Pornography in a Free Society

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Cambridge University Press, 1988 - Social Science - 236 pages
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Pornography in a Free Society deals with what has been called the "civil war over smut." The past two decades have been high seasons for pornography commissions. They were appointed in the United States in 1968, in Great Britain in 1977, in Canada in 1985, and in the United States again in 1985. In the United States, the report of the first commission was denounced as a pornographer's charter and that of the second as a reflection of the moral militancy of the Reagan counterrevolution. The authors look at the problems of pornography in a broader perspective than that of partisan political debate. They explain why it has become so controversial and divisive an issue in Western nations in recent decades. They discuss the radical feminist challenge to pornography and the question of pornography and children. Considering likely future developments, the authors argue that the furor over pornography and the appointment of commissions are part of a "ceremony of adjustment" to widespread availability of sexually explicit material and they predict less social concern about pornography as time passes. Franklin E. Zimring is Professor of Law and Director of the Earl Warren Legal Institute. Gordon Hawkins is Senior Fellow, Earl Warren Legal Institute at the University of California, Berkeley. Together they have written Capital Punishment and the American Agenda (1986), and The Citizen's Guide to Gun Control (1987).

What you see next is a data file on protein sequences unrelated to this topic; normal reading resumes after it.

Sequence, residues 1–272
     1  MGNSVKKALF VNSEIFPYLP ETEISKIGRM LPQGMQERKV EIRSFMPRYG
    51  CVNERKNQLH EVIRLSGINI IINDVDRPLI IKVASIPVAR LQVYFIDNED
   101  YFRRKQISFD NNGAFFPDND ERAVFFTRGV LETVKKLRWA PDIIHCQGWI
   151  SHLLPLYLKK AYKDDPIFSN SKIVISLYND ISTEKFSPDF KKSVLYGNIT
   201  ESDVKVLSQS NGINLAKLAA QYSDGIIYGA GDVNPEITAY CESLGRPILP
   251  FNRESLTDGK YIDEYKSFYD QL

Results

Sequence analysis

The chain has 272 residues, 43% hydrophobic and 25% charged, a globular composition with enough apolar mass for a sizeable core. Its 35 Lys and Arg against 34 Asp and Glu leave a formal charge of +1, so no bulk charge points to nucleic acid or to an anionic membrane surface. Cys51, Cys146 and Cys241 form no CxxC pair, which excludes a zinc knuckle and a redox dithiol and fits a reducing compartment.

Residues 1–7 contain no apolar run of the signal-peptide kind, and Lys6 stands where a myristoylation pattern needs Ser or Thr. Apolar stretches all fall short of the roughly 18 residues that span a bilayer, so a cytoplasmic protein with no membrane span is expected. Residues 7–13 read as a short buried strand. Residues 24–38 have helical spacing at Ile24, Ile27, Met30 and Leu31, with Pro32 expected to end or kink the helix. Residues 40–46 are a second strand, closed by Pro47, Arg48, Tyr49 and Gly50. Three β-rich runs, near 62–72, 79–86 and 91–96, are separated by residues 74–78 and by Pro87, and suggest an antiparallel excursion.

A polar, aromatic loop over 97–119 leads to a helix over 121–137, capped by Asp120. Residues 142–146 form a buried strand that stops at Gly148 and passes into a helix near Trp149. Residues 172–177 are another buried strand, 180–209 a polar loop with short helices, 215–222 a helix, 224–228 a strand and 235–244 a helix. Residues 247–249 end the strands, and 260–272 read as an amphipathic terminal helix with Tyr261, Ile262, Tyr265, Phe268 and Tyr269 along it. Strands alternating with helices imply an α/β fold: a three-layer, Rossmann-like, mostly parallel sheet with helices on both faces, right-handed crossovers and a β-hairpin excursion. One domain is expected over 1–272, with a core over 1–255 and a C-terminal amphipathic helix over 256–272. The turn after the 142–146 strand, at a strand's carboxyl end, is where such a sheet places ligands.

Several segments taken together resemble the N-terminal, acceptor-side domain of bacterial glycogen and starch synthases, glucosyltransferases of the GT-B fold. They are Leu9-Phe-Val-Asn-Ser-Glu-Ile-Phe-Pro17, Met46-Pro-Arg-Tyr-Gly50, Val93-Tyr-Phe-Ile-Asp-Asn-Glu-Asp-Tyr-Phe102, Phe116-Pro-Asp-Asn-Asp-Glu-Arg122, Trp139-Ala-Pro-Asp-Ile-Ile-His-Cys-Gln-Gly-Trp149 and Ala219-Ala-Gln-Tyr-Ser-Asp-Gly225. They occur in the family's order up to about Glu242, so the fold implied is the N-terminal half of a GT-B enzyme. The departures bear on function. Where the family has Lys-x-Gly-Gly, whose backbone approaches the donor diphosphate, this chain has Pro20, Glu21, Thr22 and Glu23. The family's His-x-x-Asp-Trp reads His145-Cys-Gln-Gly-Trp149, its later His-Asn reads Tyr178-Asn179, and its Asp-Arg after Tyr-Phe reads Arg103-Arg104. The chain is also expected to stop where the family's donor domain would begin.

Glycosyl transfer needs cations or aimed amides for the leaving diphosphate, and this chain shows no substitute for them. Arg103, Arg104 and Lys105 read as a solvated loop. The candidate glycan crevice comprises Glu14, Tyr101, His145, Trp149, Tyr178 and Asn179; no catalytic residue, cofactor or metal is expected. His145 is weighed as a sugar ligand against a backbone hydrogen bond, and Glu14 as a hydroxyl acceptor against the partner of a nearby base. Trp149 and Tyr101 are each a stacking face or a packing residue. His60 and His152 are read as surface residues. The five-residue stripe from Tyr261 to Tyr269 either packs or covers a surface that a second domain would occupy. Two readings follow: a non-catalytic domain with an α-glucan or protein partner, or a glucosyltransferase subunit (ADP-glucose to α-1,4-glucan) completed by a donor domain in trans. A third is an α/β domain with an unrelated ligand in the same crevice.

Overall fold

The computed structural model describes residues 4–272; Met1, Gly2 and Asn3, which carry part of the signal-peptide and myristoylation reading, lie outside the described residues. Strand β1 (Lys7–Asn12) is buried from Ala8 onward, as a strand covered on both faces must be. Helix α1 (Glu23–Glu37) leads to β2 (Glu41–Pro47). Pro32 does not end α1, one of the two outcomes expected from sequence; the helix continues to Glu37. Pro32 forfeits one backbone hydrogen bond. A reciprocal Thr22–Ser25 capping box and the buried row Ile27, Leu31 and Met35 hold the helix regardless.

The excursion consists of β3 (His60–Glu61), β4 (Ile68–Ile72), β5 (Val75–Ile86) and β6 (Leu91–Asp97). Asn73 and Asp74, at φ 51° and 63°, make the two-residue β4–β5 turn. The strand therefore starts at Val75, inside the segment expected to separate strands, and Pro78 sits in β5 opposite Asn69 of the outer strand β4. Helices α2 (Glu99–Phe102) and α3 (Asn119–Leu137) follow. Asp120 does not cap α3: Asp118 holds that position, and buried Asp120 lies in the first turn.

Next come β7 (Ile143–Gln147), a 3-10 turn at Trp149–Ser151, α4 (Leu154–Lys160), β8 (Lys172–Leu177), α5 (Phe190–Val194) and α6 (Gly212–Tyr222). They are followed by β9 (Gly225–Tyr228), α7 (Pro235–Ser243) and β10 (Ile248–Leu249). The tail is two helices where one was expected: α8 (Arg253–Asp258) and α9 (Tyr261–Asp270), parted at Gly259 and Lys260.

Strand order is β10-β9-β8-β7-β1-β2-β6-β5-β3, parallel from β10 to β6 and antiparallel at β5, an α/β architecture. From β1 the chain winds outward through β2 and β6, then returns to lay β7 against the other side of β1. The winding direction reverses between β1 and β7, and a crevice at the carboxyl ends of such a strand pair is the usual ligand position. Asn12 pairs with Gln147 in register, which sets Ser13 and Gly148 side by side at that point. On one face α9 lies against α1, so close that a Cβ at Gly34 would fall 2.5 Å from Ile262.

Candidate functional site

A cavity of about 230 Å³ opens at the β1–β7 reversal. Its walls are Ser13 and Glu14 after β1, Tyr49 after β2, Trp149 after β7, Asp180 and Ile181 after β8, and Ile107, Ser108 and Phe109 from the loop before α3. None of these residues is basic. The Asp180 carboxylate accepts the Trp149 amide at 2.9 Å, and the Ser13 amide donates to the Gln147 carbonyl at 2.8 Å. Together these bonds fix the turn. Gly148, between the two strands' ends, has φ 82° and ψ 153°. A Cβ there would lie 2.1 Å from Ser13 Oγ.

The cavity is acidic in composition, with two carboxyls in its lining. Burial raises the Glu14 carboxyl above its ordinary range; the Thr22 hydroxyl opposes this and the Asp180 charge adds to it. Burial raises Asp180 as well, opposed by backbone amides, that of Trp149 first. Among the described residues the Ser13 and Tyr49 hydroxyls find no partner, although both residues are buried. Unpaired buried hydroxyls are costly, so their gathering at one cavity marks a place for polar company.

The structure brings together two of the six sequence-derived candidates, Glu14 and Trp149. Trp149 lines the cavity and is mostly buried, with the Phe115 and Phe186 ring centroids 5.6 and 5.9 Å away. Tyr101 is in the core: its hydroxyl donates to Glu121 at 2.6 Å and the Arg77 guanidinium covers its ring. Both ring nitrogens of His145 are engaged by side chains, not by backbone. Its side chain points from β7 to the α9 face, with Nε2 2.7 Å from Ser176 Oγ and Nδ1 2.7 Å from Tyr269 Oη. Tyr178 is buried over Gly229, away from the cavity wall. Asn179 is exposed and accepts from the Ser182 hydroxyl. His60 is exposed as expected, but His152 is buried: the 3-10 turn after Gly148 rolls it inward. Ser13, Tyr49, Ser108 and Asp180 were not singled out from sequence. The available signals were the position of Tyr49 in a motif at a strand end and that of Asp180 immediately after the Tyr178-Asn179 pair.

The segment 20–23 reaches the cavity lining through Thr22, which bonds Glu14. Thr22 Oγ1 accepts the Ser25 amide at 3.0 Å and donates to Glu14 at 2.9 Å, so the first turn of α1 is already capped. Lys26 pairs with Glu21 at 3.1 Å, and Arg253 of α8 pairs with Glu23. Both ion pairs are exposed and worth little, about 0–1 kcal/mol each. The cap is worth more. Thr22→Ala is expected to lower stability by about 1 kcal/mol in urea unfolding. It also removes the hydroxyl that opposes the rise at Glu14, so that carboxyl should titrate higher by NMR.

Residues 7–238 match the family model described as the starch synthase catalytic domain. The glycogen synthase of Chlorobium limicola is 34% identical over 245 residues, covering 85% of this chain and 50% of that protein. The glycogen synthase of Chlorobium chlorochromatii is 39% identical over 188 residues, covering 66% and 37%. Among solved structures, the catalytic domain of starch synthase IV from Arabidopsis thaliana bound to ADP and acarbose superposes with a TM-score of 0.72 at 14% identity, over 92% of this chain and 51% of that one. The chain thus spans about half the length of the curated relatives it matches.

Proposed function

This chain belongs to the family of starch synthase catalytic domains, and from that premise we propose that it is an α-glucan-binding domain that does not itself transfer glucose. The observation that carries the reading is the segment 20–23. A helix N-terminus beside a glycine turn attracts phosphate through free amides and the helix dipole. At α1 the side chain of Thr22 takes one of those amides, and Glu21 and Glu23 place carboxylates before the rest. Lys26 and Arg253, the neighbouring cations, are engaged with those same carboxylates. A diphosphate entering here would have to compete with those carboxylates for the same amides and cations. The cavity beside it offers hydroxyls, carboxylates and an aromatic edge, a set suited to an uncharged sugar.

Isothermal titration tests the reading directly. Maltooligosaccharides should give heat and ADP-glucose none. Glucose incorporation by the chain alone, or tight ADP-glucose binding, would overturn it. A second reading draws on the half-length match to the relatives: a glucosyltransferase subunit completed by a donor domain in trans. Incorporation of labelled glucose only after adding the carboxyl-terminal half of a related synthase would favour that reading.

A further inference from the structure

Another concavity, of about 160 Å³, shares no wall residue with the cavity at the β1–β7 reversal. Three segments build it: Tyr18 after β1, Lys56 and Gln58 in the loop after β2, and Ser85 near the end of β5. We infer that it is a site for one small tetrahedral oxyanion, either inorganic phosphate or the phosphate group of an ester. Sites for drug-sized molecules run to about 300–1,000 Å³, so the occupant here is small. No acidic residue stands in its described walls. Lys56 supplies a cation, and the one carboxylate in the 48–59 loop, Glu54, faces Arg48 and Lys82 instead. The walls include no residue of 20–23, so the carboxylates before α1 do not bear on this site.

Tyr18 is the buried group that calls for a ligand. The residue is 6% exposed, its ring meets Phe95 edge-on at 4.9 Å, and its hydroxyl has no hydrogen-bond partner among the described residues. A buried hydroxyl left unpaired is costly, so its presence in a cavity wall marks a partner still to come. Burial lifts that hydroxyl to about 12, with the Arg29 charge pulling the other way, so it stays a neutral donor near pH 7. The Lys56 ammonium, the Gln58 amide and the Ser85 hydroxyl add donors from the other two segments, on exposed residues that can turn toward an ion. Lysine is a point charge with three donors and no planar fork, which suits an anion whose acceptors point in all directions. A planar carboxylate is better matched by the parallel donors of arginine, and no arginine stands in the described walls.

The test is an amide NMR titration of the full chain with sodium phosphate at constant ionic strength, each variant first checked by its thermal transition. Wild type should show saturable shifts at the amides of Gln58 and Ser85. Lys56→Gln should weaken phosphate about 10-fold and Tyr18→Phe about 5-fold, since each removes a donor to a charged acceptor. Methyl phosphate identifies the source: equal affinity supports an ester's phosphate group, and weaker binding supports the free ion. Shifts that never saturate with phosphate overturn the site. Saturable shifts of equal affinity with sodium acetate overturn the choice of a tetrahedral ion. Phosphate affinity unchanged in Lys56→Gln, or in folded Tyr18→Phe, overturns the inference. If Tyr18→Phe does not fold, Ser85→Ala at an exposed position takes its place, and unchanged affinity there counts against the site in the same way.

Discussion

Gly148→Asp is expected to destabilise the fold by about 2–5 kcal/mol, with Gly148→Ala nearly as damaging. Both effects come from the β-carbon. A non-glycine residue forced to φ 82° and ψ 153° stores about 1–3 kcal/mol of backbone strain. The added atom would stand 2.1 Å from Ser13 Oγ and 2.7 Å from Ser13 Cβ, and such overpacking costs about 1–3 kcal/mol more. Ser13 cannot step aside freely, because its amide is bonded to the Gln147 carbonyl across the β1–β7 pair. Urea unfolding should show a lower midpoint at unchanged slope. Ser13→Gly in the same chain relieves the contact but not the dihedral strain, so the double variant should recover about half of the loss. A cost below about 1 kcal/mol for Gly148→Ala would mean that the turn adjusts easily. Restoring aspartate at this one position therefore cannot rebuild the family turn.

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Pornography in a free society

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The authors, both academicians, comparatively analyze the findings of two controversial U.S. government-supported studies of pornography, the so-called Johnson Commission, which issued a liberal ... Read full review

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